The day of Hubby’s keynote address dawned very early. His speech was scheduled to begin at 8:00 a.m. and we made a point of being early. We, however, were the only ones. Due to scheduling problems on the part of the conference, we did not get into the conference room until almost an hour later.
Hubby was introduced to the audience, the largest one I’ve ever seen attending one of his conference addresses, as a graduate of both his PhD university and Berkeley, where he obtained his undergraduate degree. For about two minutes, all I could hear at the back of the room was, “Berkeley! Ja! Oh my, Berkeley!.” It seems that he need never have gone on for graduate work since this audience at least was only interested in his first four years after high school.
Hubby’s speech about “The Future of Namibian Agriculture” was quite interesting for this lay audience. The most startling statistic he produced was that 10% of government spending in Namibia was on defense and only 4% of it on agriculture. This was both shocking and amusing as Namibia isn’t exactly at war with anyone. The highlight of the speech, however, was provided by Hubby himself – he kept using a laser pointer! This was especially silly and annoying since we had discussed this very issue that morning and agreed that laser pointers were stupid. Hmmph!
But the best part of the day was yet to come – dinner. We were unable to get reservations at “The Soup” restaurant much to my consternation. After some discussion with local people from Windhoek, we were told to try a restaurant called nice that is run by the Namibian Institute of Culinary Education. It was, we were told, the local version of Jamie Oliver’s Fifteen.
With our interest and taste buds sufficient piqued, we headed off for this local hot spot and were not disappointed. We began our meal with cocktails and were presented with a lovely amuse bouche of a cold beef samosa and cold cauliflower coleslaw served on a warm plate. Our starters, Kingslip fish in a balsamic reduction for Hubby, and carpaccio of Namibian veal for me were lovely and kept us anticipating what was still to come.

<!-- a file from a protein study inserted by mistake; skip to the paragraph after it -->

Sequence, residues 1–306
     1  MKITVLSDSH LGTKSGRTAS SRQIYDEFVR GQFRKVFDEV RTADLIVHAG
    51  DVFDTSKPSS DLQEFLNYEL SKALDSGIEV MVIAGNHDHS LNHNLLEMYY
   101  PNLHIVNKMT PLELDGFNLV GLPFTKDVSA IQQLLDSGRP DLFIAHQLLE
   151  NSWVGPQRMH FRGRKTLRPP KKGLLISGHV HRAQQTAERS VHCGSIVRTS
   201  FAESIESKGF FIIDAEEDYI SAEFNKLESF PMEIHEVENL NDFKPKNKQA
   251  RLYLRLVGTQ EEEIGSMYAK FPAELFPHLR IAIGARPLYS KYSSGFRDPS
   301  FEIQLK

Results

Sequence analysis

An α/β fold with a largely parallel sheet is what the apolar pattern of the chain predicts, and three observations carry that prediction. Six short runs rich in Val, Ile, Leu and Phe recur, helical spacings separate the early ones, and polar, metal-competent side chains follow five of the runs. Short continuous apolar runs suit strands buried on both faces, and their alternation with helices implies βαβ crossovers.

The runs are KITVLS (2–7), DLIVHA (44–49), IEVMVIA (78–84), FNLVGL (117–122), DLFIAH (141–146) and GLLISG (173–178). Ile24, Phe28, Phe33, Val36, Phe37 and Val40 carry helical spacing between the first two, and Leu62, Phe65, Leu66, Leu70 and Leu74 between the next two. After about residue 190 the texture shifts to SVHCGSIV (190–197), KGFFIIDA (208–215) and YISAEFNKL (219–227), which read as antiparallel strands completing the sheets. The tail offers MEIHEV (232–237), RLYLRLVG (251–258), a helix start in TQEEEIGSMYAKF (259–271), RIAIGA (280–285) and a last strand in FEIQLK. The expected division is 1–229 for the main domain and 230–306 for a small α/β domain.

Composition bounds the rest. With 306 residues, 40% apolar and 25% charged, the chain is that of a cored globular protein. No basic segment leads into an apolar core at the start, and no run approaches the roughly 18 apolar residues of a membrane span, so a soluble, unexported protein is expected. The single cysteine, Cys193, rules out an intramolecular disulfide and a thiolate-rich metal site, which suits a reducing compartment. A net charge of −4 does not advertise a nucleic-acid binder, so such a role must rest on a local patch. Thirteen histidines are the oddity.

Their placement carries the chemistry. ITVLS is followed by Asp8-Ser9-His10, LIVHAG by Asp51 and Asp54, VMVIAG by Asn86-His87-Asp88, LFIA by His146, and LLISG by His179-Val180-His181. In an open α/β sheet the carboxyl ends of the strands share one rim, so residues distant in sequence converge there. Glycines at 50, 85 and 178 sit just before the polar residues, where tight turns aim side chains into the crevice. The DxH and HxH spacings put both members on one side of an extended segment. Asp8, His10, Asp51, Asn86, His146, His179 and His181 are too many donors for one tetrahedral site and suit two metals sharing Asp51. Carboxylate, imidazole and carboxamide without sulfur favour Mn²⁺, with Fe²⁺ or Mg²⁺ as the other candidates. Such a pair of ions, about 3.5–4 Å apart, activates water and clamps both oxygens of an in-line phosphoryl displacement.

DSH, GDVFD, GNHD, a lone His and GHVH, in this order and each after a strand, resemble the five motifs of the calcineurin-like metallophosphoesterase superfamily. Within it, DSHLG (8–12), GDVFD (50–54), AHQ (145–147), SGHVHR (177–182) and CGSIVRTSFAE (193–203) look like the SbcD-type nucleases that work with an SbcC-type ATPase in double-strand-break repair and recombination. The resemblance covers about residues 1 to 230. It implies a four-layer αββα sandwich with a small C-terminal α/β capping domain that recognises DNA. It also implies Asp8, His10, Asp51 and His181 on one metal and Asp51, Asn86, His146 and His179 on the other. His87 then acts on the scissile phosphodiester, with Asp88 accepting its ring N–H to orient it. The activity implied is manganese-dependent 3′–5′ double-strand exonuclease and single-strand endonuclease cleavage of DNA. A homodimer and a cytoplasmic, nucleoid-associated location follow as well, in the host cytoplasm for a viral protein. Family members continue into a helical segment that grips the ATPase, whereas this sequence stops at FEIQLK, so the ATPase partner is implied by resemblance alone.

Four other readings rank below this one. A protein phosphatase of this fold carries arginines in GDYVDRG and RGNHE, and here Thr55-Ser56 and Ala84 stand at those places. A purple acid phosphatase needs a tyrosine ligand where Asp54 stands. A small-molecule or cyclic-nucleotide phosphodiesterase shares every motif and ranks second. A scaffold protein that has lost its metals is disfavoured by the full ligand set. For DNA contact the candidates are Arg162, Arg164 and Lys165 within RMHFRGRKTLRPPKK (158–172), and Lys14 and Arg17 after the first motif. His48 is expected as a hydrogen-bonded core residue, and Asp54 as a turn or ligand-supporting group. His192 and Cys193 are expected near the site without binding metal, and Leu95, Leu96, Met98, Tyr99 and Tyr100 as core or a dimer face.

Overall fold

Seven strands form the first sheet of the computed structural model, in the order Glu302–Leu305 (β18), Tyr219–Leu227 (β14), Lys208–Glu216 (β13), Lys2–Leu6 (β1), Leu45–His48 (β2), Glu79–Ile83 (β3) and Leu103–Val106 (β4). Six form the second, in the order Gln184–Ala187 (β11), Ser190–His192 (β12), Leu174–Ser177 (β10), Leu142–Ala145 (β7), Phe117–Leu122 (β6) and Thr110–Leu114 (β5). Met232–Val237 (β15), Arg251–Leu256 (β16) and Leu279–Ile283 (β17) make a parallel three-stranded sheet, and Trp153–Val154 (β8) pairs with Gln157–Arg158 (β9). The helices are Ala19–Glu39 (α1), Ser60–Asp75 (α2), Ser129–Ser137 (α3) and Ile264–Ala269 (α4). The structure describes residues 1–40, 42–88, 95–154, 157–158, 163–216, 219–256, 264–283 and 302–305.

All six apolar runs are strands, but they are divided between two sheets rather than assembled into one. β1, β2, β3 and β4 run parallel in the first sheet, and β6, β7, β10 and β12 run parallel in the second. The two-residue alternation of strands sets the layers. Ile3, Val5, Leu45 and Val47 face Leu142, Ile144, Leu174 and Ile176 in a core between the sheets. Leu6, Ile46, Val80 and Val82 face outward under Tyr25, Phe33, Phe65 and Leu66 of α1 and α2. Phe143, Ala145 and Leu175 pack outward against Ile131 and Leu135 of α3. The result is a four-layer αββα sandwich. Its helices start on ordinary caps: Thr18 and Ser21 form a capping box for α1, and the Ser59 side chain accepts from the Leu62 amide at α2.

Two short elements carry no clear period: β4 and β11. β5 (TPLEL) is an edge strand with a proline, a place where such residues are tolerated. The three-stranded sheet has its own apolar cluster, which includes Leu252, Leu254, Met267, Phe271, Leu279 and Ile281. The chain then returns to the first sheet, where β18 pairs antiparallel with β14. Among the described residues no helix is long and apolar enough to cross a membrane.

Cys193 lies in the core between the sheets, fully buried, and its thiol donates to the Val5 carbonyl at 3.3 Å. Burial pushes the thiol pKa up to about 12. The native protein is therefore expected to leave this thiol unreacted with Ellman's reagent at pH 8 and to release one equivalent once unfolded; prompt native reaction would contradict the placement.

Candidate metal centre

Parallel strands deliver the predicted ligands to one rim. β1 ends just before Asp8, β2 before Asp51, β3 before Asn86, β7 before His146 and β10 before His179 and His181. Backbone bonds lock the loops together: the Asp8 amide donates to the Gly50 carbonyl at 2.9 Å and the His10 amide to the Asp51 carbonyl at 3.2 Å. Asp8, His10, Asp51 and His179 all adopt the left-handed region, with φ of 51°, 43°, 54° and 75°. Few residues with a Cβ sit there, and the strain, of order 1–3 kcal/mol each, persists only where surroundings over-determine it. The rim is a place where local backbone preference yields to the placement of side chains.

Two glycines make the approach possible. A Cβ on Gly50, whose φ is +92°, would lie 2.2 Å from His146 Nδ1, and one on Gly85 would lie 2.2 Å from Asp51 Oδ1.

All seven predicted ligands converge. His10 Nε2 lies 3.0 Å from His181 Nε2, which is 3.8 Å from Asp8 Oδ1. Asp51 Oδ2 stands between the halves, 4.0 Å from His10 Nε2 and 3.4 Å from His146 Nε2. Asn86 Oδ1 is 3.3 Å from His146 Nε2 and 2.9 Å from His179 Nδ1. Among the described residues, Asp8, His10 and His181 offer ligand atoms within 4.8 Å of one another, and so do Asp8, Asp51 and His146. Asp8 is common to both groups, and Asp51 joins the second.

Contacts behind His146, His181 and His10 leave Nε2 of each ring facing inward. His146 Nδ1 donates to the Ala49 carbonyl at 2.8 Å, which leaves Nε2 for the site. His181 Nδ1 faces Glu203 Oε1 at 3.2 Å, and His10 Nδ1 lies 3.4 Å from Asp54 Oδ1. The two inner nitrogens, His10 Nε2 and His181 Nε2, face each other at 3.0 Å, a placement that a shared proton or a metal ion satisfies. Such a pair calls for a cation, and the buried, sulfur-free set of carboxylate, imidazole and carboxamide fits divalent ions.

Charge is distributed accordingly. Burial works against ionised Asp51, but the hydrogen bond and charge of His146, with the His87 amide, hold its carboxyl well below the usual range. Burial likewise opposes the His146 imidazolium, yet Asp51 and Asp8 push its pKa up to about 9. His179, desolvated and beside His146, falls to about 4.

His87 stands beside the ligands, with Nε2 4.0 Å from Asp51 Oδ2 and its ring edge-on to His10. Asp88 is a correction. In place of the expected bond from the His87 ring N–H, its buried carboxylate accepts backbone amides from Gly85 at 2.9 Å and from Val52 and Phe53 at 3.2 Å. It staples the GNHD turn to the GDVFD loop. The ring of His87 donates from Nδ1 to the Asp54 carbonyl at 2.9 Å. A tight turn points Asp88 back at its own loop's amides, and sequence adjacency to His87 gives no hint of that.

Our main courses continued to reflect the wonderful local foods that are hard to come by outside of countries like Namibia. My grilled Oryx was perfectly cooked and accompanied by wonderful little potato croquettes that melted in my moth. Hubby’s meal was even better – a Kudu loin wrapped in a wonton pastry that was so tender that it could have been cut with a butter knife. The deserts although less memorable, were also lovely.
As so many people said when they described the restaurant to us prior to our dinner, Nice was nice. From the lovely décor to the well-trained staff, our meal was a hit from start to finish. The only complaints we had (no pepper grinders on the table and hard butter) were small and easily remedied in the future.
We had a nice day from start to finish. From Hubby’s well-received address to our fabulous dinner, it was a day that we knew had set a high standard for the rest of our vacation. If only he hadn’t used the silly laser pointer!